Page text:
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Nočnica Fee for Heroku

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What do you call your folder where you keep your code?

On each new PC I make a folder named after some version of the afterlife: 'xibalba,' 'elysium,' 'outerdark.' And that's where I keep all my code. I assume everyone does this? And I'm curious where you keep your code on your own PC.

Discussion (57)

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c_v_ya profile image
Constantine

That's interesting 😄

Mine is simple ~/projects for all my.. well, projects. And inside are dirs by technology for personal stuff, e.g. python/, react/, etc. And %company_name%/ for full-time job projects.

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Yuriy Markov

Mine is ~/repo 😁
As a second level I'm using a customer name.
Finally, a project name.
Something like this pattern:
~/repo/customer/project

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Nir Lanka ニル

~/Dev
It matches other folder names in ~.

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Emily A. Pixi

I'm boring/lazy. Mines literally just "Code" and it's a top level directory so I can just cd code and find what I need haha

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Subramanya Chakravarthy

Me too

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dinos

Same here!

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Nočnica Fee Author

This makes more sense than the people calling it “github”

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Emily A. Pixi

Is that a thing people do!?

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Nočnica Fee Author

on here and on Twitter it is, I think, the most common answer

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Carlos Manique Silva • Edited

I use variants of ~/_git/repo_domain/repo_group/repo_name depending on the hosting.
Allows me to quickly browse stuff that is either local, github, gitlab, etc...

Anything related to software tools I keep in ~/work/tools, organised in concept, vendor, tool, version (ie: ide/jetbrains/intellij/20201).

Project related stuff like documents, assets I keep in variants of ~/work/projects/customer_name/initiative/project

Many people place code together with projects, but having separate folders is useful to avoid long paths, and I get a clear ideia of what's transient and versioned or not.

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Amohammadi2

Nice 👍

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Eka

I'm a bit obsessive-compulsive when it comes to organizing my files (either it has be consistent OR I'd leave it completely messy). After trying complex structures, now under the default Mac OS Documents, I just have:

  • _Work --> has subdirectories for Day Job and each paid side project
  • Foo --> all non-paid/personal coding projects go here
  • Bar
  • Baz

Last two directories will be for non-code personal projects but currently they are empty. I recently changed laptop (~3 months ago); my old projects are in my external HDD.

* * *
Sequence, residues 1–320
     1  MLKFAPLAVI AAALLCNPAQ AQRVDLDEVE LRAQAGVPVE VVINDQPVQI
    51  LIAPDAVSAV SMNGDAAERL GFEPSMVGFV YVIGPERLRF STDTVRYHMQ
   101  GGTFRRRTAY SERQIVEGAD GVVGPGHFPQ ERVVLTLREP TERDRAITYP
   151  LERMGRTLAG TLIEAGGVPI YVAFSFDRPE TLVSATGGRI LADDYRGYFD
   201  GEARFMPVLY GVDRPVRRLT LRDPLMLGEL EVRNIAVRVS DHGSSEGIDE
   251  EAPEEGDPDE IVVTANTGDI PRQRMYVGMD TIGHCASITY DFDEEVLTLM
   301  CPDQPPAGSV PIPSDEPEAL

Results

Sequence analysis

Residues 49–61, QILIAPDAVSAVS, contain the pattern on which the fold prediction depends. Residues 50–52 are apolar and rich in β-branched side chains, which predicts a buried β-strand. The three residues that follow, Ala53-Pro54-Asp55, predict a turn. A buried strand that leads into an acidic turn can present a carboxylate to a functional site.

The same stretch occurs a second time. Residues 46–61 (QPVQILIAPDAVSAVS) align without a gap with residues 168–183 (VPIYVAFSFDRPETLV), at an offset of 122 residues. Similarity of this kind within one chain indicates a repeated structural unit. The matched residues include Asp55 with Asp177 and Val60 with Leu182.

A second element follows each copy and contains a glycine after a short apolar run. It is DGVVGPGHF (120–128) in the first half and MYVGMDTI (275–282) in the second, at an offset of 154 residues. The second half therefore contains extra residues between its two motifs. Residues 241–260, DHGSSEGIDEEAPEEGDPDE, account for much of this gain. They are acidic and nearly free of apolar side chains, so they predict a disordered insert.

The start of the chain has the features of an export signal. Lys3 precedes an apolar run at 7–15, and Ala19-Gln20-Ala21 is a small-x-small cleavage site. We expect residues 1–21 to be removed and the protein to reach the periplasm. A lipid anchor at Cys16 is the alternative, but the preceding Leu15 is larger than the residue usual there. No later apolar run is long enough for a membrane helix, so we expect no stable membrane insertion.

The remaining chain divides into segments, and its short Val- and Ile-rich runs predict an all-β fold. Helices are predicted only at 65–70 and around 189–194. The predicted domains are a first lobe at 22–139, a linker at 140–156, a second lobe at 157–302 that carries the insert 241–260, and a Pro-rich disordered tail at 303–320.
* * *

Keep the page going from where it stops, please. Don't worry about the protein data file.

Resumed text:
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ItsASine (Kayla)

Echoing love for ~/dev. It's short enough that it's easy to get to my files, though I am liking some of the organizing in this thread. ~/dev is a mix of Github, GitLab, and local on my Mac which is a tad unwieldy, especially when most of those haven't been touched in ages. My current Chromebook's ~/dev at least is pretty clean since it's new.

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Alain D'Ettorre
.
|---dev
    |---projects
        |---my-cool-website
        |---a-fun-side-project
        |---my-company-stuff
    |---learn
        |---react
        |---angular
        |---whatever-youre-learning
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Jacob Colborn

I keep all my projects in ~/code/, breaking down each project into its own directory. I don't have my first customer yet, but when I do I'll have a directory in the code directory called customers and store that data in each customers own directory.

I save creative names for my hostnames. Each host in my network is named after a Norse god.

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Niko Heikkilä

Mine follows this pattern:

~/src/<gitserver>/<owner>/<repository>

Example:

~/src/github.com/nikoheikkila/cv

Mostly I use z to jump to correct directory by repo name which is neatly supported by this.

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☮️✝️☪️🕉☸️✡️☯️ • Edited
~/.code

. prefix hides the directory and i set my perms to 'drwx------'. Then I change the user and group to myself and admin. Then i move all of the code to an external and sym link it. I also run a simple node watchdog script that starts in my init.d that notifies me if anyone access the dir or runs an 'ls' etc..

im a paranoid fuCX0r. i no.

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Benjamin Klein

workspaces

Then I have a workspace for the projects of my job (i22), one for hobby projects (personal), one for experiments (lab) and one when cloning foreign open source projects (external).

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Rohit Shetty

I have a ~/dev where all my projects reside.
Inside I've subfolders for work and personal projects. Work is further divided into client-name folders.

The client-name folder is the home for that particular client and all their projects reside here.